19. Let us therefore follow after the things which make for peace, and things wherewith one may edify another.
19. Proinde quae pacis sunt, et aedificationis mutuae, sectemur.
20. For meat destroy not the work of God. All things indeed are pure; but it is evil for that man who eateth with offense.
20. Ne propter cibum destruas opus Dei. Omnia quidem pura, sed malum est homini qui per offensionem vescitur.
21. It is good neither to eat flesh, nor to drink wine, nor any thing whereby thy brother stumbleth, or is offended, or is made weak.
21. Bonum est non edere carnem, nec vinum bibere, 1 nec aliud facere in quo frater tuus concidat, vel offendatur, vel infirmetur.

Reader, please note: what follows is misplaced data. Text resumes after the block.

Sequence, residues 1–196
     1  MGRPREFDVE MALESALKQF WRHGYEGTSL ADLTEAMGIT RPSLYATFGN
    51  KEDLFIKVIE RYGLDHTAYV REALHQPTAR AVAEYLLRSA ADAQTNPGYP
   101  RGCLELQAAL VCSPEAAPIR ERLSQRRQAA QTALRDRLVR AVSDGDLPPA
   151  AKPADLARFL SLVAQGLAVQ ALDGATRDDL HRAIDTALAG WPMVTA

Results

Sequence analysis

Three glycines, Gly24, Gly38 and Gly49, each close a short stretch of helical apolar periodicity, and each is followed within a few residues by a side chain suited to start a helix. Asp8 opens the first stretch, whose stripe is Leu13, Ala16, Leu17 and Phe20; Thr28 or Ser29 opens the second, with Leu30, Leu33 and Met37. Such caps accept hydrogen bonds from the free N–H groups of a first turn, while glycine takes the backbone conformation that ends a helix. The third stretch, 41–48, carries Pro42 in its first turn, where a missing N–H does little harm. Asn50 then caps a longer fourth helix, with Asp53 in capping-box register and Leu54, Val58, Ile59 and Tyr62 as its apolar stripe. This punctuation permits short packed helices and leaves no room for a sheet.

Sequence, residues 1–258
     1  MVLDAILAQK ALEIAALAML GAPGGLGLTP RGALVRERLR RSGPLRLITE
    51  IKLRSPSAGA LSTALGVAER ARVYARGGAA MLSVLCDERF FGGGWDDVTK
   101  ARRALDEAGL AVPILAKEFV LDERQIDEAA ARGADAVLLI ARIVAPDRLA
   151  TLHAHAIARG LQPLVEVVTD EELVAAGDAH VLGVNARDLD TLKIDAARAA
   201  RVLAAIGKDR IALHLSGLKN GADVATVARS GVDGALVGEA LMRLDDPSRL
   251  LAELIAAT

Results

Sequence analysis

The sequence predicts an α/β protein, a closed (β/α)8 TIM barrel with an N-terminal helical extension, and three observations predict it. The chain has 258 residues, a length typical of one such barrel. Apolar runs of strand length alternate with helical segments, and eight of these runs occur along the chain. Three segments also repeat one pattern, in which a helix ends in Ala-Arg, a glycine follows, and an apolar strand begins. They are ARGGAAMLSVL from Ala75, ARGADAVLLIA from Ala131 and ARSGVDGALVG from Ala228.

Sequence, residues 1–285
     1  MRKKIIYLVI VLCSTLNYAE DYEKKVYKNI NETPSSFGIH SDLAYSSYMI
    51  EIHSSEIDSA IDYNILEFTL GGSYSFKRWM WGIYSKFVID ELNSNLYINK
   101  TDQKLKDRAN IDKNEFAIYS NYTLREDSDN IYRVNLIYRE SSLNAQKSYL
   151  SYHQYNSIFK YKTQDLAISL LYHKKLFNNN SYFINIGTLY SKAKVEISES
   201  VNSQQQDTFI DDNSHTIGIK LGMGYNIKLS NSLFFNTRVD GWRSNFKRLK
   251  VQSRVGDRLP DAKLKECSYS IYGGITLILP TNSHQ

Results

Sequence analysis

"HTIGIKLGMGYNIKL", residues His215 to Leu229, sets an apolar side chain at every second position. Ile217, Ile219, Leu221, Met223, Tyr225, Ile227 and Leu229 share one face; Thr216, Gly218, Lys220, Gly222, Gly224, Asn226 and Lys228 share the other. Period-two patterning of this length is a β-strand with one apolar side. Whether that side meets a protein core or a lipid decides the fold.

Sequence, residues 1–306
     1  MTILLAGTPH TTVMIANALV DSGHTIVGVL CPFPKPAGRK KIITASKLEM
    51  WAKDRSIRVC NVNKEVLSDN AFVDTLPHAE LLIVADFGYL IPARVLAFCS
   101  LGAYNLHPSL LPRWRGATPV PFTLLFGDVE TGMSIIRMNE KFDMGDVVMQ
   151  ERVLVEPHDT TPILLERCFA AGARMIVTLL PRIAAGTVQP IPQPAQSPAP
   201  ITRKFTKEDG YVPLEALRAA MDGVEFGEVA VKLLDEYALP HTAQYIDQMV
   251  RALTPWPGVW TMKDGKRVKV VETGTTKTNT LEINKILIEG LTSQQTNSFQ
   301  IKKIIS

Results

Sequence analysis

But it must be noticed, that edification is joined to peace; because some, not unfrequently, too freely indulge one another, so that they do much harm by their compliances. Hence in endeavoring to serve one another, discretion ought to be exercised, and utility regarded, so that we may willingly grant to our brother whatever may be useful to further his salvation. So Paul reminds us in another place: "All things," he says, "are lawful to me; but all things are not expedient;" and immediately he adds the reason, "Because all things do not edify." (1 Corinthians 10:23.)
Nor is it also in vain that he repeats again,
He mentions three things in order,
1 Jerome often employed the former part of this verse for the purpose of encouraging nomasticism; and by thus disconnecting it from the context, he got a passage quite suitable to his purpose. Even Erasmus condemned this shameful perversion. -- Ed.
2 This is a similar, but not the same sentence as in Romans 13:15. The verb is different,
3 What is said here proves what is stated in a note on Romans 13:13; that is, that